The suffering of the Yemeni people continues due to the ongoing war of the coalition countries and the imposition of a comprehensive blockade on Yemen since 2015.
The humanitarian disaster and suffering inflicted on the Yemeni people as a result of the war and blockade by the coalition countries against Yemen falls under the responsibility of the United Nations and its humanitarian organizations, since humanitarian issues and situations are not linked to any political or military issues, according to the relevant UN regulations and conventions.
International humanitarian organizations have warned that Yemen is teetering on the brink of complete collapse, with more than 80% of the population in need of urgent protection and humanitarian aid, as the population suffers from the ravages of war and hunger, as well as health threats exacerbated by COVID-19 pandemic and subsequent events.
According to the Integrated Food Security Phase Classification (IPC), about ten thousand people out of 20,000 live in famine-like conditions in Al-Jawf Governorate, and this number is expected to nearly double by June 2021. Meanwhile, the number of those suffering from famine-like conditions may reach about 12,000 people in Amran governorate, and 15,500 in Hajjah governorate, by the end of the first half of next year.
Mark Lowcock, the UN Under-Secretary-General for Humanitarian Affairs, indicated that Yemenis are being “starved” by a war that is pushing the country towards famine. Besides, the economy is collapsing and donors are offering much less help than required. He pointed out that humanitarian agencies in 2020 received only about half as much money as 2019. “That’s why we’ve cut the number of people receiving food aid. And we’ve closed clinics and water stations,” he added. This will lead to lack of food and subsequently to the highest levels of food insecurity that Yemen is witnessing.
The Executive Director of the United Nations Children’s Fund (UNICEF), Henrietta Fore, points out that in Yemen: “A child dies every ten minutes from a preventable disease. More than two million children are out-of-school. Thousands of children have been killed, seriously injured, or recruited to the fighting during the last year. In December only, 11 children were reportedly killed, including a one-month-old baby. She added, “Economy is in tatters and families can no longer cope. Support systems and infrastructure — from hospitals and schools, to water and sanitation systems — are on the brink of collapse.” She also pointed out that Yemen is facing a nutrition crisis: “2.1 million children are acutely malnourished … We believe famine-like conditions have already begun for some children.”
The Supreme Economic Committee of the National Salvation Government in Sana’a confirms that the United Nations has not signed the maintenance agreement of FSO Safer tanker, which the Salvation Government had signed in Sana’a. The committee also called on the United Nations to make full and transparent disclosure of the budget allocated for the immediate maintenance and comprehensive assessment of FSO Safer tanker after signing the agreement. The committee held the United Nations responsible for delaying the signing and dispatch of the maintenance teams, which will arrive according to the United Nations statement on 15 February 2021.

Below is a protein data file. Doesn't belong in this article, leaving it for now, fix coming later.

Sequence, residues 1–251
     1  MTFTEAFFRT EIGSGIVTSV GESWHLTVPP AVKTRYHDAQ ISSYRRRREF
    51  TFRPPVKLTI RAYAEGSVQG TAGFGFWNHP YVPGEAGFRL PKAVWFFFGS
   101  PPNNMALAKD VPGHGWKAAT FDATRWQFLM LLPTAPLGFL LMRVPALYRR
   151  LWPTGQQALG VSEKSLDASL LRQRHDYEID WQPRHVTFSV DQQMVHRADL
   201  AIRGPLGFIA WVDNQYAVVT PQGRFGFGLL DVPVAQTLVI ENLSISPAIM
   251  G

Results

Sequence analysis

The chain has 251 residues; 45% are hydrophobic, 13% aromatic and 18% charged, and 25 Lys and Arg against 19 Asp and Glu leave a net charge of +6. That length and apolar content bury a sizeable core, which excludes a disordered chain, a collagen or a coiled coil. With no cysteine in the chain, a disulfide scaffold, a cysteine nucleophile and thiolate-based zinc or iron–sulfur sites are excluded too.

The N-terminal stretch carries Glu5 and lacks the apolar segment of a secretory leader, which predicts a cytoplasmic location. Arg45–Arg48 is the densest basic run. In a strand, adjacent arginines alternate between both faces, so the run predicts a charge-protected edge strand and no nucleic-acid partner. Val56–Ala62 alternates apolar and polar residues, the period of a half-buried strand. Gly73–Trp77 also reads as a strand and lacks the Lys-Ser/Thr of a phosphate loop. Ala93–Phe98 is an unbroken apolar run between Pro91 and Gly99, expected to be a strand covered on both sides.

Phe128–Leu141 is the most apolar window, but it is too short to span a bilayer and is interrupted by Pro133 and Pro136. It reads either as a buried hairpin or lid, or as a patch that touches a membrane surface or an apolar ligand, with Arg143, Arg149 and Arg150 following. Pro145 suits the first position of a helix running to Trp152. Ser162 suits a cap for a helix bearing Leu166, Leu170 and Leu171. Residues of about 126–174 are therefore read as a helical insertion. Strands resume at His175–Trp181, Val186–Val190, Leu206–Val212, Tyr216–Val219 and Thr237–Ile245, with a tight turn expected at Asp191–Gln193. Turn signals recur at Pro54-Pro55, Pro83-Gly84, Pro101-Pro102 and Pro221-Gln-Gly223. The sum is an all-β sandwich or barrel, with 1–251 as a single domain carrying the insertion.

The US continues to support the war on Yemen. Meanwhile, it has stopped all humanitarian aid to Yemen, namely, the provinces that fall under the control of the National Salvation Government in Sana’a. The Washington Post reported that US President Donald Trump’s administration has formally notified Congress of its intention to sell precision bombs worth nearly $ 500 million to the Kingdom of Saudi Arabia. The deal includes 7,500 “Paveway IV” precision-guided bombs, worth $478 million.
Yemen Petroleum Company (YPC) in Sana’a confirms that the countries of the war coalition on Yemen practice blockade and piracy on the oil derivatives ships in order for those ships to remain on sea and thus fines get multiplied on them. The detention of fuel ships incurred large fines, and some of them amounted to more than the value of the oil derivatives the ship is carrying. After that, they are released.
The National Salvation Government in Sana’a holds the United Nations responsible for its inability to implement the Sweden Agreement, calling on the UN to fulfill its humanitarian duty and return to the point of neutrality, as it has become today on the side of the countries of the war coalition on Yemen.
The National Salvation Government in Sana’a calls on all free people and civil society organizations in the world to stand with the grievance of the Yemeni people and pressure the UN to reopen Sana’a International Airport and Hodeidah Port, and to stop the detention of oil derivatives, food and medicine ships in Yemeni territorial waters.
The National Salvation Government in Sana’a repeatedly calls the UN to send its technical team for an immediate access to “FSO Safer” tanker, which is stranded off the port of Hodeidah. The government shows deep concerns about the possibility of oil spill from it and the growing risk that it could rupture or explode causing an environmental catastrophe for Yemen and the Red Sea. The UN Special Rapporteur on Toxic Substances and Human Rights, Marcos A. Orellana, asserts that, “It is vital that a UN technical team be permitted to board the FSO Safer, if we are to have any hope of preventing the threat of a spill that could be four times worse than the historic Exxon Valdez spill in Alaska in 1989.” He also indicated that if the ship were to break up, a spill could decimate livelihoods of local coastal communities, biodiversity in the region, and heavily impact shipping routes in the Red Sea.